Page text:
|Publication number||US5360330 A|
|Application number||US 07/830,368|
|Publication date||Nov 1, 1994|
|Filing date||Jan 31, 1992|
|Priority date||Jan 31, 1992|
|Publication number||07830368, 830368, US 5360330 A, US 5360330A, US-A-5360330, US5360330 A, US5360330A|
|Inventors||Joseph C. Jensen, Junius E. Taylor|
|Original Assignee||Engineering & Research Associates, Inc.|
|Export Citation||BiBTeX, EndNote, RefMan|
|Patent Citations (11), Referenced by (49), Classifications (30), Legal Events (5)|
|External Links: USPTO, USPTO Assignment, Espacenet|
This application is related to a patent applicant entitled "RF Energized and Temperature Monitored and Managed Catheter Mounted Probe" filed Apr. 14, 1989, Ser. No. 337,903 (abandoned) and its continuation application, also now abandoned, entitled "RF Energized and Temperature Monitored and Managed Catheter Mounted Probe" filed Jul. 1, 1991, Ser. No. 724,107 copending with the present application and assigned to the present assignee.
1. Field of the Invention
The present invention relates to temperature controlled heated molds for thermoplastic materials and, more particularly, to radio frequency heated molds for forming, molding, welding or extruding thermoplastic materials and circuits therefor.
2. Background of the Invention
In the field of catheters formed of flexible plastic tubing and used in angioplasty and other procedures, the tips and assembly joints have to be smoothed to enhance medical procedures and to minimize a likelihood of injury to human tissue. Such smoothing has been accomplished by mechanical or chemical milling or reforming the tips. Alternatively, application of heat from an open flame or other heat source has been used to slightly melt and thereby re-contour the tips. To attach two lengths of tubing end to end, chemical bonding is often used. Alternatively, a source of heat may be applied to the junction of thermoplastic tubing to cause melting and welding of the ends of the tubing; typically, such a junction has discontinuities on the interior and the exterior surfaces. Annular attachment of one length of tubing with a cylindrical segment is usually performed through chemical welding or bonding because of difficulties associated in application of a controlled amount of heat to effect welding. Similarly, balloons of the type used in angioplasty procedures are usually chemically welded to a length of tubing having one or more lumen.
While a weld formed chemically usually meets the requisite structural criteria, various problems are associated therewith. In particular, residue of the chemical must be removed. When such chemical is present interior of tubing, extra care in removing it must be taken. The chemical welding process does not always provide smooth weld joints. Furthermore, during assembly the chemicals are usually toxic and create health hazards to production workers. When any of various conventional heat sources are used to effect welding, control of the heat applied is generally difficult. The lack of precise control of temperature of the location of the temperature of the heat applied may result in weak or partial welds. Alternatively, thin or weak spots may develop due to flow of thermoplastic material if too much heat is applied.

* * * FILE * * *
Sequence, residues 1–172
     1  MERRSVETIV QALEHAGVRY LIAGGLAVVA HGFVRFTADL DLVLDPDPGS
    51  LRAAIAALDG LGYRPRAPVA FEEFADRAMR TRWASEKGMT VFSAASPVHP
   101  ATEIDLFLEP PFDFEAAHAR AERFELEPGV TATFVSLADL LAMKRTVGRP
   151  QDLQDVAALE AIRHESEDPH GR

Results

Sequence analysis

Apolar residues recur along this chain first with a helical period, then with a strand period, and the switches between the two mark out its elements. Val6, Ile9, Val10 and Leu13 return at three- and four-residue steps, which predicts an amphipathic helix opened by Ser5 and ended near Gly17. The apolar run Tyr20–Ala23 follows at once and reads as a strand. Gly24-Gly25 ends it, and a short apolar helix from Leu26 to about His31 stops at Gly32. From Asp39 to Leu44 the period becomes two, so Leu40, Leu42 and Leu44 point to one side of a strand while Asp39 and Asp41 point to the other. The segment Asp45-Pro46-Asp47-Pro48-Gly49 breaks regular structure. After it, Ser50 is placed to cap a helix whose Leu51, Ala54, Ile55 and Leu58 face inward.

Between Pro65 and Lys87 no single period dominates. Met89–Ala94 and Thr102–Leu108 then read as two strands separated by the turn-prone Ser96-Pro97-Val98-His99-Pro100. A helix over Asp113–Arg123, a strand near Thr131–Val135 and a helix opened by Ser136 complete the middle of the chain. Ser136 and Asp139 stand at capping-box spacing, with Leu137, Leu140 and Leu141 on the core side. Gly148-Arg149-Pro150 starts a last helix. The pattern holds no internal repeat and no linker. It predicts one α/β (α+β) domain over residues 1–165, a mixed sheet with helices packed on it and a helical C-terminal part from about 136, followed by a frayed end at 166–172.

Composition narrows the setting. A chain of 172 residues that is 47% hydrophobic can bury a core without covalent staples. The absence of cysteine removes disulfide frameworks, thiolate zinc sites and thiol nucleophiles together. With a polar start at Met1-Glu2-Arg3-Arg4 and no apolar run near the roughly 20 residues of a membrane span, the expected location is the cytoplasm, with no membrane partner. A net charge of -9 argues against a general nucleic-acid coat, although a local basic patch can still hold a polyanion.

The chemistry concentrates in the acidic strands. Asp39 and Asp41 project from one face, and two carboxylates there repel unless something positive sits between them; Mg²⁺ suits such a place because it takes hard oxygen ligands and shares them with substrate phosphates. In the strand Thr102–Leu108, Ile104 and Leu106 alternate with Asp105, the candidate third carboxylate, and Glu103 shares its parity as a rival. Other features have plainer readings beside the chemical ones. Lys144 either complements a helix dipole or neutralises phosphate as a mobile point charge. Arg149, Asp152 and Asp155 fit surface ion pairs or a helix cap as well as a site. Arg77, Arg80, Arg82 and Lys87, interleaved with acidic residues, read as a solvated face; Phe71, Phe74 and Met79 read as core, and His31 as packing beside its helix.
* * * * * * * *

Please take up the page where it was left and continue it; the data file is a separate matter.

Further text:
Whether prior art processes employ chemicals or conventional heat sources, several problems are present. First, a substantial amount of time must be expended by a technician to form, bond or weld the thermoplastic material. Second, such time expenditure creates a substantial increase in cost of manufacture. Third, integrity of the procedure is not always assured with potential hazardous consequences during an angioplasty procedure. Fourth, such questionable integrity mandates extensive quality control procedures which are expensive and result in poor manufacturing needs. Fifth, lack of consistent uniformity renders each product unique and therefore not commensurate with the consistent quality of large scale production and use requirements of medical products.
A mold, for forming, melting, welding or extruding thermoplastic material, includes a heat zone commensurate with the function to be performed. Thermal chokes inhibit heat transfer to adjacent parts of the mold and one or more heat sinks draw and dissipate heat adjacent the heat zone to effect rapid cooling. A source of air or other gas under pressure is discharged upon the heat zone to effect rapid cooling upon completion of the heat function. A spool, disengageably engaged with the heat zone is of high thermal conductivity and low thermal capacity to rapidly transfer heat by conduction to the heat zone. A coil, thermally responsive to radio frequency energy, is wrapped about the spool. The coil is thermally conductively connected to the spool to provide rapid and effective heat transfer therebetween. The coil is electrically connected to a source of radio frequency energy, which source provides energy as a function of a desired presettable temperature of the coil to control the amount of heat generated and the temperature of the heat zone. The coil may be of a single wire which, in cooperation with associated circuits, provides both a heating function and a control function; alternatively, the coil may include two wires, one for heating and one for sensing the temperature to provide a signal for controlling the amount of heat applied. Depending upon the nature of the plastic thermoforming procedure and desired shape of the plastic to be formed, a removable mandrel or other forming elements at ambient temperature may be associated with the mold heat zone to control the configuration of the plastic material.